The proposals I can judge, however, are mighty impressive. My favorite is her plan to break up the big tech companies—specifically, Google, Amazon, and Facebook—which she laid out in a 1,700-word article on Medium. She defines the problem as follows: “Today’s big tech companies have too much power…over our economy, our society, and our democracy. They’ve bulldozed competition, used our private information for profit, and tilted the playing field against everyone else. And in the process, they have hurt small businesses and stifled innovation.” She notes that “weak antitrust enforcement has led to a dramatic reduction in competition and innovation in the tech sector” and that these companies don’t have to worry about protecting people’s privacy or policing the lies and incitements to violence that appear so frequently on their sites. What’s more, they tend to “bully cities and states into showering them with massive taxpayer handouts in exchange for doing business, and can act, in the words of Mark Zuckerberg, ‘more like a government than a traditional company.’” In calling for the breakup of these companies, Warren says it would be in keeping with America’s long trust-busting tradition, especially during the previous Gilded Age.
She proposes legislation to forbid what she calls massive “platform utilities”—those with annual global revenue over $25 billion—from owning any participant on their respective platforms. They would also be prohibited from discriminating against users or sharing or transferring data with third parties. Smaller companies would have to meet the same “standard of fair, reasonable, and nondiscriminatory dealing with users” but would not need to be split apart from the participant assets they own. And to make sure this got done, she would empower federal regulators, state attorneys general, and injured private parties to sue any platform utility found to be in violation. It could also cost them a fine of 5 percent of annual revenue.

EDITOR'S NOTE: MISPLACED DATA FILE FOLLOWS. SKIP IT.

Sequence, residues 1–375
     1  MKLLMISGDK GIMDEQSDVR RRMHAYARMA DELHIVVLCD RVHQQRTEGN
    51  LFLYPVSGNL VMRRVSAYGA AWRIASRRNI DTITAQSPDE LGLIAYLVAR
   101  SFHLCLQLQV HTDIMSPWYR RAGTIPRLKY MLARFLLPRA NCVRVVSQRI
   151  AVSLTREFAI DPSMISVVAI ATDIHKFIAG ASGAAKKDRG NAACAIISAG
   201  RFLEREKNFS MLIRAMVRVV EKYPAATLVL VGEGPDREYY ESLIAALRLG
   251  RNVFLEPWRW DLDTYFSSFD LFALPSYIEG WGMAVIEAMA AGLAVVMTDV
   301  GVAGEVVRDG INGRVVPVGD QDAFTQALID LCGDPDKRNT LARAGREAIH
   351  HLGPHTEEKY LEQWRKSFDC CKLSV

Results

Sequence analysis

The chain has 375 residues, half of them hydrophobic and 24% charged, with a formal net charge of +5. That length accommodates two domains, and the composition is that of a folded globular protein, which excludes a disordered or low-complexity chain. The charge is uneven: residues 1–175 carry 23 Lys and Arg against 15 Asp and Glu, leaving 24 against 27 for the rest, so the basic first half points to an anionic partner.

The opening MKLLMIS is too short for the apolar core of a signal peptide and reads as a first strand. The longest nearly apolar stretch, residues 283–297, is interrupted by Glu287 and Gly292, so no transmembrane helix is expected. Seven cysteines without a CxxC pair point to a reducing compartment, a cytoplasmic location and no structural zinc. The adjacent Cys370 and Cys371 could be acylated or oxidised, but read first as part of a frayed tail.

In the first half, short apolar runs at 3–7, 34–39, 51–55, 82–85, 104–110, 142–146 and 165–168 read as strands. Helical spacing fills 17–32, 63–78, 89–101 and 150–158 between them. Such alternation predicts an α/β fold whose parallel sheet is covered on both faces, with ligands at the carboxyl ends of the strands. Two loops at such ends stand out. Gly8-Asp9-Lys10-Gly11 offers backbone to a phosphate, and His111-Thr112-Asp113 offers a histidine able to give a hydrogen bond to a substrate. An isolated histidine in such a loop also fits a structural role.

In addition, Warren says her administration would reverse the “illegal and anti-competitive tech mergers” allowed under Trump and previous administrations in order to “help America’s content creators — from local newspapers and national magazines to comedians and musicians — keep more of the value their content generates, rather than seeing it scooped up by companies like Google and Facebook.”
One cannot say for certain whether her ideas about tech monopolies will be the best ones put forward by a candidate, since in most cases, they are currently the only ones to have been put forward by a candidate. The problem may be that her competitors are afraid to take on the very corporations that enable them to communicate with voters—and can therefore punish them for it. Or it may be that the other candidates feel that the media tend to focus exclusively on personality, horse-race-style measurements like fund-raising and early, largely meaningless poll results, and that elusive phantom of likability.
Fine. How candidates want to run their campaigns is their business. But at the very least, it should be the press’s business to ask them to respond to Warren’s policies and proposals. Add that to the list of the media’s failures to ensure that this time, voters are able to make informed decisions about who and what they’re getting when they pull the lever to take back our country and restore our republic.